Every so often there are events that strike the common consciousness of a generation; days that are so memorable for so many people that people take note of where they were when the event occurred. These conversations usually start with "Where were you when..." For my grandparents' generation, these conversations usually involve the bombing of Pearl Harbor and the end of WWII. For my parents' generation, the events are the assassination of John F. Kennedy and the Challenger explosion. My own distinct memories are of the Oklahoma City bombing, Columbine, and the September 11 terrorist attacks.

Today marked another unifying milestone in my generation's memory. Today, Barack Obama became the 44th President of the United States, the first African American to hold that office. I sat in a lecture hall filled with theology students, faculty, and staff as I watched President Obama take the oath of office. I stood and cheered alongside Black and White classmates of all ages, as well as international students from around the world. I heard the triumph in the hands that clapped and the voices that cheered as we watched this historic moment. I was amazed.

I cannot grasp the depth of emotion that my classmates who have struggled against racism felt as Obama spoke. I cannot even imagine how my professors who fought in the Civil Rights movement felt. On a day filled with incredible rhetoric and symbolism, my words cannot possibly convey the importance of this event. I can only express the hope and excitement and pride that flooded my heart as I watched a man I admire, a man whose election stands atop generations of people struggling against oppression, be installed in the highest position in my nation's government. Today, more than ever before in my life, I am proud to be an American.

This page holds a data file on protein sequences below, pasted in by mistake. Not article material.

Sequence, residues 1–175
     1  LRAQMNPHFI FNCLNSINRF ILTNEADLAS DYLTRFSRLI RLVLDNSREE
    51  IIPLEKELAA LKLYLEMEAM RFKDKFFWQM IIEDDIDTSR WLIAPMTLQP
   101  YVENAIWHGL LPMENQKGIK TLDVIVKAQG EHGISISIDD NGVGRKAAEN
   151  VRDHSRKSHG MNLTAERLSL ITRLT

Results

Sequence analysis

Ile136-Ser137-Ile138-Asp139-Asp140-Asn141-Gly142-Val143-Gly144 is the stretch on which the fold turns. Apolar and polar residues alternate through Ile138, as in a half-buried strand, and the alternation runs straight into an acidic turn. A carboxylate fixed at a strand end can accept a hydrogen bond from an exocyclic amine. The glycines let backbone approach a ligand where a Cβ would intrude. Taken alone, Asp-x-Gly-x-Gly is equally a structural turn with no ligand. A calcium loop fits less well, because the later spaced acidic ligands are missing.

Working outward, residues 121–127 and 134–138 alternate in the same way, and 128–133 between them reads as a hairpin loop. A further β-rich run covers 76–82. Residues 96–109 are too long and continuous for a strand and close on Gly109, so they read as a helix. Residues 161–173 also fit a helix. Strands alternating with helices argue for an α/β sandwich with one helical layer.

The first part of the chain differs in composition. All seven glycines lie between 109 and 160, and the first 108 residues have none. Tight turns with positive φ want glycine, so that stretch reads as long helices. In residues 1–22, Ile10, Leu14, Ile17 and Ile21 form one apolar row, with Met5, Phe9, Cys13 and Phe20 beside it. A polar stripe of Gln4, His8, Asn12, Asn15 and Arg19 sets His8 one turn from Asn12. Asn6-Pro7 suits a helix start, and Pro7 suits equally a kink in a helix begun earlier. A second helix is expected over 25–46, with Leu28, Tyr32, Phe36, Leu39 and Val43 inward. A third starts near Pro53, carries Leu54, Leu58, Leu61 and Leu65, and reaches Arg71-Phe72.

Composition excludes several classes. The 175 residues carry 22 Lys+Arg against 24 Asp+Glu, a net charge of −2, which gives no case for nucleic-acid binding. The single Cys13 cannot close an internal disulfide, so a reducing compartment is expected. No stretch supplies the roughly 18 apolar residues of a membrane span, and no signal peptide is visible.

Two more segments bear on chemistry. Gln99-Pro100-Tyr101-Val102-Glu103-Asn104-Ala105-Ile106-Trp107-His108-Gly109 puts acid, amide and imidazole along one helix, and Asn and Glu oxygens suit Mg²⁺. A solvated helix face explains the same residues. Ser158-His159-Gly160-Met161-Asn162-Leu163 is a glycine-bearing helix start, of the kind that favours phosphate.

Saturday, January 17, 2009

I Think Because I Thought

Today is the first Saturday of 2009 that I have not spent attending a wedding. And, while the ceremonies were beautiful, and I'm happy for my friends, it's a relief to be able to sit in a coffee shop this evening and NOT worry about being one of few single women at the reception. Instead, I'm sipping a mocha and preparing to crack open Descartes' Meditations.

It's funny, I encountered Descartes for the first time during my very first week of college. I had never read philosophy before, and I was thrown into the deep end right away, reading Descartes, Kant, and Hume in back-to-back weeks. I remember being confused and frustrated by the language and the abstractness of his discussions. I couldn't understand why it mattered how we know things, thinking it was just silly for anyone to sit around all day trying to doubt everything around them. In short, I hated philosophical inquiry.

Now, seven years later, I see things slightly differently. I'm still not a huge fan of reading philosophy, but now I can see the connections to psychology and theology. But I have a more patience for it now, and I find it much easier to read.

When I started undergrad, I was amazed by the amount of reading and writing I was expected to do. I remember complaining to my parents that all I was going to do for the next four years was read and then write about what I read. That was a shockingly correct prediction, though it ended up stretching to seven years thanks to my masters program. But as I return to a text I haven't looked at since my first semester of college, I'm amazed at how much I've changed. I so frequently take what I've learned for granted, since I use the writing and reading skills every day. But when I have such an obvious comparison, I can't help but be thankful for the skills I've acquired. Unfortunately, I think I've finally developed these skills just in time to be done with school for a while. *Sigh*